Payment for Order Flow


This is the secret behind commission free trading. We all know Robinhood gets paid…. a lot. Now that they are a public company, I can tell you they made about $960mm of revenue in 2020. That doesn’t sound free….


They sell their trades to a third party, and receive payment for doing so. Hence, payment for order flow. This isn’t a bad thing, but it is a cost. Third parties will pay for that order flow because they make money on the spread, which is created / paid by traders.


As a broker, the third party is in control of brokering the exchange between a buyer and seller. So, the seller wants to sell their share of Robinhood for $20 and the buyer wants to buy a share of Robinhood for $20.02. The third party puts these two together, delivers one share of Robinhood to the buyer in exchange for $20.02, and pays $20 to the seller in exchange for their Robinhood share. The third party pockets $0.02.


That $0.02 spread is tiny for one share, but imagine this every time you bought or sold - a little piece is staying with the broker every time you trade, which creates a “cost” because that money never made it to you.


3. Time / Opportunity Cost


This one is simple, so I’m going to make it brief. How much time would you have to spend researching and watching your portfolio everyday to make decisions on your investments?


The answer is a lot.


It is much simpler to have everything automated and investing in funds that automatically keep your investments diversified.


Time is one of the most limited resources, and it takes a lot of it to stay on top of the markets and your investment accounts as an active trader.


Simplifying your strategy and focusing on adding money to the portfolio is a huge time saver and stress reliever. CNBC is out there to keep you watching the volatility of the markets, but the sooner you can forget about your portfolio and let it work on its own, the sooner you’ll have freedom with your money in the form of time and stress.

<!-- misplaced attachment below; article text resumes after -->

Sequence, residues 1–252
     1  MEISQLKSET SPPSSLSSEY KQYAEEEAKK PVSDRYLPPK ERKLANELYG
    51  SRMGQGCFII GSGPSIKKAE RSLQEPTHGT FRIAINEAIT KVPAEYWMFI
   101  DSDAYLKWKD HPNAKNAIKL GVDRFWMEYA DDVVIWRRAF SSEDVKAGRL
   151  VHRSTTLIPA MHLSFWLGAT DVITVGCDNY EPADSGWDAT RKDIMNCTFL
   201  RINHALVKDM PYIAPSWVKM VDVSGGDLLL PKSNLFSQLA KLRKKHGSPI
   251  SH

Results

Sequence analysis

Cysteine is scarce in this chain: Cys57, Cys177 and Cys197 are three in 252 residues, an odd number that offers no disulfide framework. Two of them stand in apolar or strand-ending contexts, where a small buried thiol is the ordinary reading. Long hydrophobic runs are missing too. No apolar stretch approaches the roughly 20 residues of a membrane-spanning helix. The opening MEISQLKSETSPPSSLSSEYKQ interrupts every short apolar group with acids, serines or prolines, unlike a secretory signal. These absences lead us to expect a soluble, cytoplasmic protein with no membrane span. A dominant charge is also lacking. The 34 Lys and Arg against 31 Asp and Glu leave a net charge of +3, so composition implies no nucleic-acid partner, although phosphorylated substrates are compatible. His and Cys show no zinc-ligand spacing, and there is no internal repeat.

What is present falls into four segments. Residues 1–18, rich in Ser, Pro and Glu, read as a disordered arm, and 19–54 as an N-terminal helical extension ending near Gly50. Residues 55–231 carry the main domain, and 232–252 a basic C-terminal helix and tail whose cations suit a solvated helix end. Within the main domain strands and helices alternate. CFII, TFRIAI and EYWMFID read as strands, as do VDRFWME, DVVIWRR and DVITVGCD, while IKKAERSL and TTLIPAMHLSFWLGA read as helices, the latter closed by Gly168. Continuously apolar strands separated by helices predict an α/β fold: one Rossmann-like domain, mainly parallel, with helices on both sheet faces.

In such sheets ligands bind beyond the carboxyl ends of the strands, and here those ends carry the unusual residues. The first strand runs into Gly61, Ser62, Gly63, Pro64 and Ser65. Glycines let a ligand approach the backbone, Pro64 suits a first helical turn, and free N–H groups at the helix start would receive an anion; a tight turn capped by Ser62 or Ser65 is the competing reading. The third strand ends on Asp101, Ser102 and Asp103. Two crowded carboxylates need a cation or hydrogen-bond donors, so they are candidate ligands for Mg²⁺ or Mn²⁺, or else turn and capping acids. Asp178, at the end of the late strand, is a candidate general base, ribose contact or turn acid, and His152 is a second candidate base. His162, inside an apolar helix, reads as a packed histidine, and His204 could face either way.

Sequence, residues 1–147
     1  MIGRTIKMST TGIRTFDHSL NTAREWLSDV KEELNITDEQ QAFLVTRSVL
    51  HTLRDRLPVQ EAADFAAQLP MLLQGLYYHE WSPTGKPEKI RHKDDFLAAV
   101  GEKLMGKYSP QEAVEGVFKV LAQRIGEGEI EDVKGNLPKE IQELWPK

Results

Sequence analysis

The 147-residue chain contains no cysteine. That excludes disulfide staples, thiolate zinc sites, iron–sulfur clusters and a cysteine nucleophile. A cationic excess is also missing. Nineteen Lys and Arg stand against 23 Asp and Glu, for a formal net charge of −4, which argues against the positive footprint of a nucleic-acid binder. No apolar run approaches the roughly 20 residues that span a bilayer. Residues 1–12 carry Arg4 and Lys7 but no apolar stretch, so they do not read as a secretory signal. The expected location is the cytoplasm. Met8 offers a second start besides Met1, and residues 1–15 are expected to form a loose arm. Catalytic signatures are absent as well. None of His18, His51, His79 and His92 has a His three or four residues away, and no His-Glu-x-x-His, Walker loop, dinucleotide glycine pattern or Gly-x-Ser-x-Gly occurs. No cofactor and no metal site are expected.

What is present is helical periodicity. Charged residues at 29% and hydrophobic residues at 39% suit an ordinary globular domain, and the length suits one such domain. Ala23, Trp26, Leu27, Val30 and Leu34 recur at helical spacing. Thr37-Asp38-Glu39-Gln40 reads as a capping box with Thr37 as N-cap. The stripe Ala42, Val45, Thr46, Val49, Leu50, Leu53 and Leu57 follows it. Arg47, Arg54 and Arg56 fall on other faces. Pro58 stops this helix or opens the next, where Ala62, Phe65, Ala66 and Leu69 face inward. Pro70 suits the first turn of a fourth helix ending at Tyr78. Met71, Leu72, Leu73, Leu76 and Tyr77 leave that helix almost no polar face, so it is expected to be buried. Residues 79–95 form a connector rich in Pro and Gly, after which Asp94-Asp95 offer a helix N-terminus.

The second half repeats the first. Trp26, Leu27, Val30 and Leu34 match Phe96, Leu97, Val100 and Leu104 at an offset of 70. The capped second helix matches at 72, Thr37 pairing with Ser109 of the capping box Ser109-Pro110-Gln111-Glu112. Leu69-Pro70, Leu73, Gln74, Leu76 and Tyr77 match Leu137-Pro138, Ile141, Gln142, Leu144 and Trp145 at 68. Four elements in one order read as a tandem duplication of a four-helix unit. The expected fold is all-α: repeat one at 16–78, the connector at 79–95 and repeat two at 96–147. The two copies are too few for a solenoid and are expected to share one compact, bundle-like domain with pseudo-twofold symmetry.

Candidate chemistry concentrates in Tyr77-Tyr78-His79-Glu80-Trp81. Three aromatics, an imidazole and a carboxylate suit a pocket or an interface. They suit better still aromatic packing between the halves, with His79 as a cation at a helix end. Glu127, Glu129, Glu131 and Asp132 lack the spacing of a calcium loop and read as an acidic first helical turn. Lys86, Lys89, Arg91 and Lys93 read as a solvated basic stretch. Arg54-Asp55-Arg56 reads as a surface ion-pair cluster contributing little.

Isn’t trading necessary for rebalancing?


Maybe for retirees, but not young professionals. Your goal should be to rebalance with new portfolio contributions so that there is no tax impact.


In other words, if your US equity holdings did amazing and are now overweight relative to your international holdings, there is no need to sell your US equities, realize gains, and then redistribute elsewhere. Instead, you can leave the US equities so that there is no tax impact (since this remains ‘unrealized’) and use any new contributions into your portfolio to invest more aggressively into your international holdings, until the portfolio is back to your targeted allocation.


Once your portfolio gets to a certain size this may not be possible, but then it may be time to hire a professional rather than read a blog :)


Final Thoughts


There are pros and cons to any strategy, but so much data and research points to the benefits of being a holder of investments over the long-term; and these costs I outlined above are just a few of the financial reasons to do so.


I say this often, but the stock market should not be used as a creator of wealth - creation of wealth comes from the discipline of spending less than you make and saving into the most efficient accounts for your situation / goals.


The stock market should be used to grow the wealth you’ve created. It takes a lot less time and energy to do this in a passive way than being an active trader trying to find the next big winner.


The simplicity of this strategy is really appealing beyond just the cost savings. I think we should stop making investing so complicated, and focus on setting up the simple and effective strategies that have proven time and time again that they are cheaper, easier to understand and yield better results.


Here is a nice segue for you; one final cost of trading stocks may be the need for a tax preparer. Taxes are coming up quickly, and if you need some advice or somebody to prepare your tax return that has expertise in investments, feel free to reach out to me!